How to Write a Summary of an Article?
Works cited American Jewish history commenced in with the expulsion of Jews from Spain. This action set off a period of intense Jewish migration. Seeking to escape the clutches of the Holy Inquisition, some Jews in the sixteenth century sought refuge in the young Calvinist republic of The Netherlands.
A century later, hundreds of their descendants crossed the ocean to settle in the new Dutch colony of Recife in Brazil, where Jewish communal life became possible for the first time in the New World.
When Portugal recaptured this colony inits Jews scattered. Essay about gender stereotypes spread through the Dutch Caribbean, beginning fresh Jewish communities. A boatload of about 23 Jews sailed into the remote Dutch port of New Amsterdam and requested permission to remain.
This marked the beginning of Jewish communal life in North America. Colonial Jews never exceeded one tenth of one percent of the American population, yet they established patterns of Jewish communal life that persisted for generations.
First, most Jews lived in cosmopolitan port cities like New York and Newport where opportunities for commerce and trade abounded, and people of diverse backgrounds and faiths lived side by side.
Second, many early American Jewish leaders and institutions were Sephardic, meaning that their origins traced to the Jewish communities of the Iberian peninsula.
Sephardic Jews maintained cultural hegemony in Jewish life into the early nineteenth century, although by then Ashkenazi Jews, meaning Jews who traced their origins to Germany, had long been more numerous.
Third, Jews organized into synagogue-communities. Savannah, Charleston, Philadelphia, New York, and Newport each had one synagogue that assumed responsibility for the religious and communal needs of all local Jews. The American Revolution marked a turning point not only in American Jewish history, but in modern Jewish history generally.
Never before had a major nation committed itself so definitively to the principles of freedom and democracy in general and to religious freedom in particular.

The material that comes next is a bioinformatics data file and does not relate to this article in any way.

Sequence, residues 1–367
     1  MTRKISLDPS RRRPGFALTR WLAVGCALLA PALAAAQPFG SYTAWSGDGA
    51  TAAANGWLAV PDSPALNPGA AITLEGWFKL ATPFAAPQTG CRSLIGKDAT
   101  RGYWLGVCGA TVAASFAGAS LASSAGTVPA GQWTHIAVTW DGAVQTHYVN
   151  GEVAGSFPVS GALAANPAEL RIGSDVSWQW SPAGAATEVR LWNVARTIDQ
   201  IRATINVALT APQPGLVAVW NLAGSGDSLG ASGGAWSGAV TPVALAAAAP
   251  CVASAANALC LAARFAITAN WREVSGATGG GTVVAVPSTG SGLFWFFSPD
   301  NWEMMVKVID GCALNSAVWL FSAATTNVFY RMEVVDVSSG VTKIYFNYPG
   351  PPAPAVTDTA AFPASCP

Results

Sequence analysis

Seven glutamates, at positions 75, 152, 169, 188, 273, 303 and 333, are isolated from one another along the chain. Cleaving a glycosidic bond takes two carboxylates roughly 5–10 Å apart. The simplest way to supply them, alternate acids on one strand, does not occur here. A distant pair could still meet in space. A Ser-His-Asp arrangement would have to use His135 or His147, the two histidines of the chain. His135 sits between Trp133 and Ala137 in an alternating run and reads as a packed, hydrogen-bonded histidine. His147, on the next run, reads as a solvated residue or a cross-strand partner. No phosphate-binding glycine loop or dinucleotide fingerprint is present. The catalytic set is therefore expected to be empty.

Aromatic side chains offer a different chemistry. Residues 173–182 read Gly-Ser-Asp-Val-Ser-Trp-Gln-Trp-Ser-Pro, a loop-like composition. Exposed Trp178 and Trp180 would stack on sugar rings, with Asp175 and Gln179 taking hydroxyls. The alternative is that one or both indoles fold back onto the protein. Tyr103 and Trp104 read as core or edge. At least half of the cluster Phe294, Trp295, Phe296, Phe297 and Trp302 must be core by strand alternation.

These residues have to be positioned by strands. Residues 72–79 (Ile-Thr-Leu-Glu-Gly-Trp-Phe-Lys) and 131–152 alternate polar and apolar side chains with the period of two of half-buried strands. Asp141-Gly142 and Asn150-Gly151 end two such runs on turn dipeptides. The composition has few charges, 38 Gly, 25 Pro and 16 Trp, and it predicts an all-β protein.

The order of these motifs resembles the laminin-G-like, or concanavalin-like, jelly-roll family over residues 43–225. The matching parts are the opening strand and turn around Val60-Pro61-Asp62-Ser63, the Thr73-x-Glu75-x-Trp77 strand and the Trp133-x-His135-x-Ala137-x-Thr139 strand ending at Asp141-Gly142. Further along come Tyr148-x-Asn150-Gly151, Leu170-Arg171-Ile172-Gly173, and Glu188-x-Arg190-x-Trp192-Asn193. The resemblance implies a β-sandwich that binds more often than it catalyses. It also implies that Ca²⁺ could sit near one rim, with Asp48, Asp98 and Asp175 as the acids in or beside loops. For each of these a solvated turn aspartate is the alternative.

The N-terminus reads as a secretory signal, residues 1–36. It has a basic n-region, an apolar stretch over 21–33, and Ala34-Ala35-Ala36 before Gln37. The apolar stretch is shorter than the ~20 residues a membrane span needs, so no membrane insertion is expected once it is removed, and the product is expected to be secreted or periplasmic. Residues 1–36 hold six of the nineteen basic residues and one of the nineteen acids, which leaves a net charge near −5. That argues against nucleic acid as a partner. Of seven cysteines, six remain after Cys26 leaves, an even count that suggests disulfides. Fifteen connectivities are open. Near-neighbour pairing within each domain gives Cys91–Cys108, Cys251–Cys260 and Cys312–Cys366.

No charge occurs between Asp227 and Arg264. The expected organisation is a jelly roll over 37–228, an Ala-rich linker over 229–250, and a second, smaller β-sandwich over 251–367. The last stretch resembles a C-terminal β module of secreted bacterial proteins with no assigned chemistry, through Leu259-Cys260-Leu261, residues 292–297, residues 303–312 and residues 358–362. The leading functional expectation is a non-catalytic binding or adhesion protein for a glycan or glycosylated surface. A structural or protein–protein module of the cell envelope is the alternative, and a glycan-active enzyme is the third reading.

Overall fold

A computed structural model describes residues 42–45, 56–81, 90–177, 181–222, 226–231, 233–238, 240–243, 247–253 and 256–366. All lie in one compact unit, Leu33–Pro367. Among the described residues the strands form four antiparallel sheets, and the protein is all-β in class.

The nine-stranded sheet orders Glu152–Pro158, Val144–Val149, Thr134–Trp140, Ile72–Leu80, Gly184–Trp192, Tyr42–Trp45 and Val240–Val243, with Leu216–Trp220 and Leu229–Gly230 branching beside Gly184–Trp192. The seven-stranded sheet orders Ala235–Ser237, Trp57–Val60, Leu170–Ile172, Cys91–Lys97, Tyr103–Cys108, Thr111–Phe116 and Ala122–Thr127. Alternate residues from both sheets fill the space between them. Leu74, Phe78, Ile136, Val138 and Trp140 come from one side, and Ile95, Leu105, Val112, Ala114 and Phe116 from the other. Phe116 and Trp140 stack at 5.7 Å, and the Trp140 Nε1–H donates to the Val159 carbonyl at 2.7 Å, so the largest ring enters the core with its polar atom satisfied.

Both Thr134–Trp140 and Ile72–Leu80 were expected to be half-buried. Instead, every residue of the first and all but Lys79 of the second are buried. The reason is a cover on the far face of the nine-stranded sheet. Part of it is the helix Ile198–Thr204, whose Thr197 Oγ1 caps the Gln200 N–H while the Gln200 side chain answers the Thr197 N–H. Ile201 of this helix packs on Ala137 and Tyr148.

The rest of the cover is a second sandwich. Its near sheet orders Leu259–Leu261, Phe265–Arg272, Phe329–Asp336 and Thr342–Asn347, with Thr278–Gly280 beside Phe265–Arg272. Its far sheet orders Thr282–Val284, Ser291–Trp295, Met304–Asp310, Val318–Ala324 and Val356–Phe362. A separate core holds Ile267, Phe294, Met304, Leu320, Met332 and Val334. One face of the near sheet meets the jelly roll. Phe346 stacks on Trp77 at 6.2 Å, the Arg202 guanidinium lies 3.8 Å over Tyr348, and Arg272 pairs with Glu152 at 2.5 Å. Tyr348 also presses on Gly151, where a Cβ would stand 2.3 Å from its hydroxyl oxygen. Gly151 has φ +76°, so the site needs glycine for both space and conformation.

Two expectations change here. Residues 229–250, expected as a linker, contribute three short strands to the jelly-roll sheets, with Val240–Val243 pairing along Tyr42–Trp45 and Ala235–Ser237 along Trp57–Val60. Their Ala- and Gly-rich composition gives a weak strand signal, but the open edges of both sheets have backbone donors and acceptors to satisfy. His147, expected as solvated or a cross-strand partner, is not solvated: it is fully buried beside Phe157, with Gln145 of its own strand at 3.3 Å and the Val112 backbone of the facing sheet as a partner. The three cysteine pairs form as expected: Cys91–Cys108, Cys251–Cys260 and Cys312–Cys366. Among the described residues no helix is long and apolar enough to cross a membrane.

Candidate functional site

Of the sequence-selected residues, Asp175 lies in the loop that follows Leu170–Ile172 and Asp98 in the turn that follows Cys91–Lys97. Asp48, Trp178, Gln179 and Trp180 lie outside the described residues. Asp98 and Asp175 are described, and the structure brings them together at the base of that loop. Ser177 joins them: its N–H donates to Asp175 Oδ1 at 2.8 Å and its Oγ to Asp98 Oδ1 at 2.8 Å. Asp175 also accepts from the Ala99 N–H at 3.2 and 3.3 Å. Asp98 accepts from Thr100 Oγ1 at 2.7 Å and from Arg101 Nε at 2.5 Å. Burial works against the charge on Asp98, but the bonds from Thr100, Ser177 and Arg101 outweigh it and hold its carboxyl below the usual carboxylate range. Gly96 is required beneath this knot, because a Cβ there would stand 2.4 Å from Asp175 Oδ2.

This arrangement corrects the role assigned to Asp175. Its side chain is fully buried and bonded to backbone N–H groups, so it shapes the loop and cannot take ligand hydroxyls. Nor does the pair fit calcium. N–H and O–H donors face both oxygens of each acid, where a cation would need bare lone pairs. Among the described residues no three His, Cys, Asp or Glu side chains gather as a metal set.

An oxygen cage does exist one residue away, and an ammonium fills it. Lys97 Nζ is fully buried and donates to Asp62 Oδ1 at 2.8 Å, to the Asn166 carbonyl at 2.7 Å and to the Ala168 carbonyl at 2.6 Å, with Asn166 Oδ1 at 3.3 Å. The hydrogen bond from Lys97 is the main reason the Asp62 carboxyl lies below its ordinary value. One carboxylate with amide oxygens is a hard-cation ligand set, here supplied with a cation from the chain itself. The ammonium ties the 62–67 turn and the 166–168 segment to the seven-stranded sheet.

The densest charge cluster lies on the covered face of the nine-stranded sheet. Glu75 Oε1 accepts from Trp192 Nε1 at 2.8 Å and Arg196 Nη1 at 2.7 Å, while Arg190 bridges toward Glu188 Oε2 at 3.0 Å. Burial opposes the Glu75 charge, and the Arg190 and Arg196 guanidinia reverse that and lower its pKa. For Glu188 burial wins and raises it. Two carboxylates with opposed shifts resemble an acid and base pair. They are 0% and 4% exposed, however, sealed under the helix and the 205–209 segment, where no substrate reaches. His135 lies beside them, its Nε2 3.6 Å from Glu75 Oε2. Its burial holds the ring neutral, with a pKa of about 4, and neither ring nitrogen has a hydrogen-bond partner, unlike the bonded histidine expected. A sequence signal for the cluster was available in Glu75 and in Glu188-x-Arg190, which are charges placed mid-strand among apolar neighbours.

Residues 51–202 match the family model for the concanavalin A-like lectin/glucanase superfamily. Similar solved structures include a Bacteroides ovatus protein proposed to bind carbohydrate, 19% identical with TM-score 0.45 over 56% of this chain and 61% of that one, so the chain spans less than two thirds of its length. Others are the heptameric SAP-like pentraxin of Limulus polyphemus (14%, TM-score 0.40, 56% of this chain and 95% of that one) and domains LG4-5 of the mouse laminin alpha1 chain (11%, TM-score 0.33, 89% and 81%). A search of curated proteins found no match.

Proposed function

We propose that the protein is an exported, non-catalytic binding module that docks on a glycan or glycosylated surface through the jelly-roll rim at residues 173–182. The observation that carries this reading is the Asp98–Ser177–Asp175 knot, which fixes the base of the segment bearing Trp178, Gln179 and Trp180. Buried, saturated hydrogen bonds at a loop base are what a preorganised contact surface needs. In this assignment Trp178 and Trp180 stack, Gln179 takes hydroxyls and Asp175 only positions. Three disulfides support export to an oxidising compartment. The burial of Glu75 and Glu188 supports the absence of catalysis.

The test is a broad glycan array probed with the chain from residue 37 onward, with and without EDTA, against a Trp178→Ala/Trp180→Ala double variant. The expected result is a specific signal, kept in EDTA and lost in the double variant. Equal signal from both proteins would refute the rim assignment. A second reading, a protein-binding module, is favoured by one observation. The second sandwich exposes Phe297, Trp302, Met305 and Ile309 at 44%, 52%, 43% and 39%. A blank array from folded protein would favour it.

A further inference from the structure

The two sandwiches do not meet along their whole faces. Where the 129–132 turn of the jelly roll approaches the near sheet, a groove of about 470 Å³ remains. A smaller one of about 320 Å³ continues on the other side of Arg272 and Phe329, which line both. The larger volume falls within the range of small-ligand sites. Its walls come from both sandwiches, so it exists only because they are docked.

Jews and members of other minority religions could dissent from the religious views of the majority without fear of persecution. Jews still had to fight for their rights on the state level, and they continued to face various forms of prejudice nationwide.
However, many Jews benefited materially from the Revolution and interacted freely with their non-Jewish neighbors. Having shed blood for their country side by side with their Christian fellows, Jews as a group felt far more secure than they had in colonial days. They asserted their rights openly and, if challenged, defended themselves both vigorously and self-confidently.
In the nineteenth century, American Jews, seeking to strengthen Judaism against its numerous Christian competitors in the marketplace of American religions, introduced various religious innovations, some of them borrowed from their neighbors.
Young Jews in Charleston, dissatisfied with the "apathy and neglect" they saw manifested toward their religion, somewhat influenced by the spread of Unitarianism, fearful of Christian missionary activities that had begun to be directed toward local Jews, and, above all, passionately concerned about Jewish survival in a free society, created the breakaway "Reformed Society of Israelites for Promoting True Principles of Judaism According to Its Purity and Spirit.
Traditional congregations also "Protestantized" some of their practices, introducing regular English sermons and more decorous modes of worship. Meanwhile, communal leaders, led by the Traditionalist Jewish religious leader of Philadelphia, Isaac Leeser, emulated and adapted Protestant benevolent and education techniques--Sunday schools, hospitals, the religious press, charitable societies, and the like--in order to strengthen Judaism in the face of pressures upon Jews to convert.
Among other things, Leeser produced an Anglo-Jewish translation of the Bible, founded a Jewish publication society, and edited a Jewish periodical, The Occident and American Jewish Advocate, which attempted in its pages to unite the diverse voices of the American Jewish community.
He also rallied his community to respond to incidents of anti-Jewish persecution around the world.For example, you can write about gender, race, or age stereotypes and how they can be often times wrong and detrimental to society. 2. You can also write about the prevalence of stereotyping as well.
Home» Traditional Gender Roles Essay Examples & Outline. Traditional Gender Roles Essay Examples & Outline. Are you in High School, College, Masters, Media stereotypes.
Gender roles are evident in the mainstream media. Media prays women as nurturing and gentle since they have to take care of other members of the society.
The Stereotypes In Media Media Essay. Today the media is bombarded with all sorts of stereotypes whether its racism, sexism or any other. The reason why media often resorts to these stereotypes is that media has limited space and stereotypes help them to compress all the information intended to reach the audience without actually developing the character.
Feb 26, · Stereotypes Stereotypes have been around since the making of America; they have portrayed many groups whether it be a race, ethnicities, or even a gender. Stereotypes are used to degrade and ‘promote’ the many groups negatively which still continues today.
Racial Stereotypes on Television Essay. For many years, racial and ethnic stereotypes have been portrayed on multiple television programs.
These stereotypes are still illustrated on a day-to-day basis even though times have changed. This video created by the Representation Project, featuring Gamergate and the Walking Dead, shows sexism still prevails in popular media.